JUN 7, 2017
Dear Team PUSD,
Congratulations to all of our graduates and promoting students, and congratulations to all of TeamPUSD for playing such a huge role in our students’ success. As our school year winds down, I wanted to take this opportunity to thank you for your hard work and dedication. I also wanted to provide you an update on PUSD’s budget now that our Finance Team has been able to determine what the Governor’s May revised budget means for our District.
On the surface, the Governor’s May revision was more favorable than his January proposed budget. The Governor’s revised budget now estimates state revenues have increased by $2.5 billion over three years (2015-2018). Some of that money comes to education; however, the Governor is still proposing to reduce the Proposition 98 minimum guarantee to fund education by $1.2 billion, as well as proposing the deferral of the one-time discretionary funds of $859 million that would have been provided to school districts in 2017-18 and instead won’t be provided until May 2019! Recently, Ron Bennett of School Services of California, provided District leaders with an in-depth explanation on the Governor’s May budget revision and its effect on all K-12 schools across the state. You can view the video here
As we have explained in previous communications, Poway is further disadvantaged because we are a low-funded district under the Local Control Funding Formula (LCFF), among the lowest in San Diego County, in fact. As a result, PUSD LCFF revenues, are anticipated to increase only about 2% per year over the next three years, while expenditures (including health and welfare, step and column, cost of fuel (new gas tax), operational costs, and STRS/PERS costs) will increase at a rate of 4% per year on average. For Example, for 2017-18 our projected expenditures are $368,181,846 while revenues are projected at $350,908,784. The District will have to dip into its reserves next year to balance our budget.
The state-mandated increases in employer contributions to STRS/PERS are making the most dramatic impact on school district’s budgets across California. Last year, PUSD paid approximately $3 million in STRS/PERS costs. This amount will increase each year and will double in four years time! While this is a benefit for all employees upon retirement, this was an unexpected and unplanned mandate that has districts struggling to financial obligations. An example of the effects can be seen at our neighboring districts who have had to issue hundreds of pink slips to their employees in order to balance their budget. At this point in PUSD’s budget cycle, in order to balance the budget, the Finance Department is proposing as much as $8 million in cuts for 2018-19 and $6 million in 2019-2020. Staff, program, and service reductions will be unavoidable unless State funding increases.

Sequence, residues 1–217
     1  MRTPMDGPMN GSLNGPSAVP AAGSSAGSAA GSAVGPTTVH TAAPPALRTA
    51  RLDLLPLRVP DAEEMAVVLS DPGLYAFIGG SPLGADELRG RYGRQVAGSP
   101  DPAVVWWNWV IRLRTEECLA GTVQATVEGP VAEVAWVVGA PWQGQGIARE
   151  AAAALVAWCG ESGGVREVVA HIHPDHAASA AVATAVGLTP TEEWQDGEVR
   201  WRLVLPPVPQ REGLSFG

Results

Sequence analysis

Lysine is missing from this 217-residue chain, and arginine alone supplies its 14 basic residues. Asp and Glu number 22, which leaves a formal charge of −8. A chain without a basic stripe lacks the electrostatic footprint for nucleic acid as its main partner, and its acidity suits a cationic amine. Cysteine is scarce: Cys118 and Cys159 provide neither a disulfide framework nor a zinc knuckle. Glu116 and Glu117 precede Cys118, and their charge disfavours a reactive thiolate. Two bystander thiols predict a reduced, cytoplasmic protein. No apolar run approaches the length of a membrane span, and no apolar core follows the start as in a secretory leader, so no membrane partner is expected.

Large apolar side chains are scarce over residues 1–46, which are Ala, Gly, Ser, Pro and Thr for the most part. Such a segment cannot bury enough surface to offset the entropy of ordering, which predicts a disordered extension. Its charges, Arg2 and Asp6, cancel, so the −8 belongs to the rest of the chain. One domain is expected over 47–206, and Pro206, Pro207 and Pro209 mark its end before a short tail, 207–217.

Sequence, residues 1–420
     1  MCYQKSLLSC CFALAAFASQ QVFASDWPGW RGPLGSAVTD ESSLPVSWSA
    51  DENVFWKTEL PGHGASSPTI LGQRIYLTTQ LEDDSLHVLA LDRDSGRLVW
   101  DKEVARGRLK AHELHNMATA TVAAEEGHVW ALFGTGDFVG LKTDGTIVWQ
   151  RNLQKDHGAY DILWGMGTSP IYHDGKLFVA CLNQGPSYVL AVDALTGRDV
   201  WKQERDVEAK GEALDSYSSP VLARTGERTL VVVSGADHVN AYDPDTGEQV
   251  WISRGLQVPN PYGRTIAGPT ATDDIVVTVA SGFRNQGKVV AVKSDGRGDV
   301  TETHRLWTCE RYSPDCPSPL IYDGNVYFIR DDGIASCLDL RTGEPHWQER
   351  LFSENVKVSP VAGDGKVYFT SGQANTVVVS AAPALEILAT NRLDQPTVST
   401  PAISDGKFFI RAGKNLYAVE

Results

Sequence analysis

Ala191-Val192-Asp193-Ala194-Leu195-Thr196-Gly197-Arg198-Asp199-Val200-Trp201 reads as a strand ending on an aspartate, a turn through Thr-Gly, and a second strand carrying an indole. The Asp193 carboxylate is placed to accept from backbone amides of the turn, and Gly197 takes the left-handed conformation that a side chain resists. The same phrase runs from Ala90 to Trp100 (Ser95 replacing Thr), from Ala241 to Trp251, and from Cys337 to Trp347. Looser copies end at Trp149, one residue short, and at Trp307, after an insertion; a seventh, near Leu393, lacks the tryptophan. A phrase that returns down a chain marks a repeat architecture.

During the recession our District lost a great deal, and we have yet to fully recover. Since then, we have managed to do more with less, with an ongoing focus on our students and guidance from our Local Control Accountability Plan (LCAP). The LCFF funding we receive requires us to demonstrate measurable improvement in student performance and increases in academic programs that benefit students. We have implemented programs such as Xploration, Early Literacy training, and Response to Instruction and Intervention, and reclassified and increased the hours of LMRTs in our libraries. However, resources are constrained and we will have difficulty allocating funds for additional curricular resources, employee raises, or to modernize our facilities. These resource-allocation decisions will only grow more challenging in the years to come.
I would like to address the misconception that District managers are receiving raises. This is simply not true. Upon the hiring of any new employee, that employee is placed on a salary schedule, which includes step and column. The same applies for recent management hires and all other District employees. Any yearly increases in salary for all employees are based on the step and columns established by their respective salary schedules.
We must take a proactive, creative and collaborative approach to working our way out of this multi-year “deficit” scenario. This work we will need to accomplish together, with our staff, employee associations and our community. Assuredly, we will continue to balance our budgets while also maintaining our high-quality educational programs for Poway students. I am confident PUSD can and will do what is best for our students, staff, and stakeholders. The Board will adopt the final budget for 2017-18 at its June 29th meeting, where public comment is welcome.
You can continue to submit questions or suggestions via this email address: PUSDBudget@powayusd.com
Have a great summer. I hope you find time to recharge and refresh.
Marian Kim-Phelps, Ed.D.